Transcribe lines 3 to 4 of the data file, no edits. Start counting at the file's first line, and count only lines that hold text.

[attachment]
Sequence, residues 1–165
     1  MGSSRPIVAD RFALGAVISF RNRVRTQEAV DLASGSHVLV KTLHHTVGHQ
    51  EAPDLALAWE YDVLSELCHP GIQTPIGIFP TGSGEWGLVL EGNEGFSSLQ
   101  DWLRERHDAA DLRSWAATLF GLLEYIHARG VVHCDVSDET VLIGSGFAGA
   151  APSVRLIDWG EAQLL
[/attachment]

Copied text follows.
    51  EAPDLALAWE YDVLSELCHP GIQTPIGIFP TGSGEWGLVL EGNEGFSSLQ
   101  DWLRERHDAA DLRSWAATLF GLLEYIHARG VVHCDVSDET VLIGSGFAGA